if settings in Opera Mini has a "Set as default" check box, select it
open a link with a browser and select Opera Mini as default
If the above doesn't work:
uninstall Androids default browser
No, it's not possible.
How did I get such result? As always I started to google this possibility but found nothing interesting. So I decided to check Android Browser source code. If you want you can download it by typing in console:
git clone https://android.googlesource.com/platform/packages/apps/Browser
After 5-10 minutes (I'm not new in programming) of ...
There is no functionality to view saved passwords included in the stock browser.
The only method for retrieving passwords saved in the stock browser is to open the webview.db file (it's an sqlite database) in /data/data/com.android.browser and look at the password table (it's stored in the clear, no encryption or anything), but that requires root.
Where to find it when it was downloaded
If you have been able to "download" the file, the most likely location to find it is either /sdcard/download or /sdcard/downloads.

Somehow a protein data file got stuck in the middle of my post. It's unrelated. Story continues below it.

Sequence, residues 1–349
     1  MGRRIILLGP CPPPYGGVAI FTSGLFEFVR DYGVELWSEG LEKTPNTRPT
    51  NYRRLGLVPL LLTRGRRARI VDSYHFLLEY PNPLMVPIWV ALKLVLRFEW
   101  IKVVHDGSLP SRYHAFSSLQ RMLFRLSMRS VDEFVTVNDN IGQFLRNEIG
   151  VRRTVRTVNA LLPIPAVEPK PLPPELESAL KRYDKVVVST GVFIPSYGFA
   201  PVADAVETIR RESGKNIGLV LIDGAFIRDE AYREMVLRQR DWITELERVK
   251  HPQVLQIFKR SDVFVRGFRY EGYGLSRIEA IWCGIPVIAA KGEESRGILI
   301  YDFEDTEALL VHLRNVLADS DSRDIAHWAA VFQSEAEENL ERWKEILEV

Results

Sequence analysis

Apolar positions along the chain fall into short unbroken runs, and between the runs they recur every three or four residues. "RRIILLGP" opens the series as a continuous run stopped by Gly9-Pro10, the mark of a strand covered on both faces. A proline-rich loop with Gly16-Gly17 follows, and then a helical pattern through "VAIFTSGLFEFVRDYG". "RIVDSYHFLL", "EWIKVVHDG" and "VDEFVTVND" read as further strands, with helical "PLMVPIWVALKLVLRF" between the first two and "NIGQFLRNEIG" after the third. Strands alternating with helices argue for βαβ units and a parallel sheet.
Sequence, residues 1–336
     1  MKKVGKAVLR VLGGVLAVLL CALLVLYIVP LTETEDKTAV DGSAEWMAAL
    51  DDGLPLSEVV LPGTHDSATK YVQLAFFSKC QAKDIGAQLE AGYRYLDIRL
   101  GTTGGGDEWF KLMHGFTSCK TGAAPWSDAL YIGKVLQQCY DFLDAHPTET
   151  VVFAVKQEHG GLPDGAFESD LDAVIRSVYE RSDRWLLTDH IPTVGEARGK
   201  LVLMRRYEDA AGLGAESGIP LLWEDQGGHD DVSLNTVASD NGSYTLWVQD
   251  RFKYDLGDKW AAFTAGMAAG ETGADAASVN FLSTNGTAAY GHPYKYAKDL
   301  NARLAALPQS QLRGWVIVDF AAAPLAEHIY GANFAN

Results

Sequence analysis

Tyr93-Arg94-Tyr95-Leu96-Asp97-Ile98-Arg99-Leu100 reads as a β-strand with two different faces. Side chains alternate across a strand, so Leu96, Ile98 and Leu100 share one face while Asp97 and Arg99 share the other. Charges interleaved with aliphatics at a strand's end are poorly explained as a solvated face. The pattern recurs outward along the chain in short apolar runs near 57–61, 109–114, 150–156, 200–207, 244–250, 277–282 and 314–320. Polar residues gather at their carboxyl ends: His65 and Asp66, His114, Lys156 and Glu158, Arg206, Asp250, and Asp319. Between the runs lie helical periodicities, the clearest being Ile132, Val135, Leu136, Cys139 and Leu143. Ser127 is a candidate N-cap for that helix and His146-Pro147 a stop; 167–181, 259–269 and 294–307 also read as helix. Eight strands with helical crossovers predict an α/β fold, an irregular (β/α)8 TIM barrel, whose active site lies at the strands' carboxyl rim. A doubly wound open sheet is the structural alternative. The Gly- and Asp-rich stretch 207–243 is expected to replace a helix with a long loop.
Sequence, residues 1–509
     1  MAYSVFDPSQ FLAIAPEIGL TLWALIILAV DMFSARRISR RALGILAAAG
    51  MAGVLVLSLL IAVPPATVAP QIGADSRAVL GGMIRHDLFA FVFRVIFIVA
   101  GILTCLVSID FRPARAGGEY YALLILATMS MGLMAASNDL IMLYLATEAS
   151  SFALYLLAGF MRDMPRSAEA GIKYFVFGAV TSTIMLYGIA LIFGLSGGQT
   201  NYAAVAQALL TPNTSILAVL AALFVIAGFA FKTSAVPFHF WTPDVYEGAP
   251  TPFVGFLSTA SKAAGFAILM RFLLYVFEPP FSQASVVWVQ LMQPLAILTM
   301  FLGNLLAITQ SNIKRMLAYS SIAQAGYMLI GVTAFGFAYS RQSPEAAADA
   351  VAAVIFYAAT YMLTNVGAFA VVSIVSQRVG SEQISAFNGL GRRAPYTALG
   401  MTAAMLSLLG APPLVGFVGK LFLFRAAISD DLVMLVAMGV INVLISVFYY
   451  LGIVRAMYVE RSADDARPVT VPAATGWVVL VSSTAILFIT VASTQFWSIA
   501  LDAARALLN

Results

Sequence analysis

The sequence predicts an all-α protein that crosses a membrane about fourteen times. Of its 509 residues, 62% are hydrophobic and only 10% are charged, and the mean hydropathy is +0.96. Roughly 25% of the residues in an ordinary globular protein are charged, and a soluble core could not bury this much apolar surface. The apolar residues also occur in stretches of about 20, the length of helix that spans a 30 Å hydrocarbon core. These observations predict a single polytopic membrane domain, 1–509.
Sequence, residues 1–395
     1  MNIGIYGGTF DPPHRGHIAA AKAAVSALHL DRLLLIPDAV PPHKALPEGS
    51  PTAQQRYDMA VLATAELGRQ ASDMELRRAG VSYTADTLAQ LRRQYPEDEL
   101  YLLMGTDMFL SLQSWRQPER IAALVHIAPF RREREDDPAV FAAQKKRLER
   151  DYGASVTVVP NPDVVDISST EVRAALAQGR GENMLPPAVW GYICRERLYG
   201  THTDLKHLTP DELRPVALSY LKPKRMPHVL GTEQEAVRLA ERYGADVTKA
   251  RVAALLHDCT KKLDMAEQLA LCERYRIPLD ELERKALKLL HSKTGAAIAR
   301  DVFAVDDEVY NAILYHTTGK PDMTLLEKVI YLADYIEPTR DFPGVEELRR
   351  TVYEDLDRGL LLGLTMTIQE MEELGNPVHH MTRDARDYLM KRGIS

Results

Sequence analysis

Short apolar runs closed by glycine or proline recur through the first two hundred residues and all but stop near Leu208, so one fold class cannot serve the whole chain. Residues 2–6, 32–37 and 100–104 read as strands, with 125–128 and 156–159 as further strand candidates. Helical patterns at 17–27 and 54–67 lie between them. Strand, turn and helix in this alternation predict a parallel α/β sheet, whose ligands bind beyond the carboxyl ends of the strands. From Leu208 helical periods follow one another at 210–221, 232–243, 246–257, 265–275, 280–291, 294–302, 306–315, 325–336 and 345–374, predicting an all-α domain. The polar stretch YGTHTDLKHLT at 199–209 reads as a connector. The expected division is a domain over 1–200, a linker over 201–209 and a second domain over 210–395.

It wasn't downloaded, but "saved for offline reading"
But as it turns out, the stock browser didn't give you that option, and you had to "save for offline reading" -- which is something ...
The stock browser on Android gingerbread has this limitation (see resource download_not_acceptable).
It is possible to download more file types with a an alternative browser (ex: Opera mobile) or a download manager.
Webpages can opt out of autofill; intended to be added security for banks and other sites requiring higher than normal security. There are ways to circumvent this in firefox, chrome and IE but I haven't figured out how to do it for android. Whats the origin of the android browser code base? That might be another place to look.
It varies from website to website. HTML 5 has a feature called local storage, which lets websites store a modest amount of data in the browser for future visits. They're a bit like cookies, but can be used to store more data. Like cookies, different sites use it for different things.
Some sites (most commonly web games) use local storage to save the ...
I ended up going ahead and just removed the Jelly browser – initially manually by using TWRP's file manager and later – since it came back when I updated the system afterwards (duh) – using a handy flashable zip that I got from LOSdiet. So far, so good. Everything seems to work fine.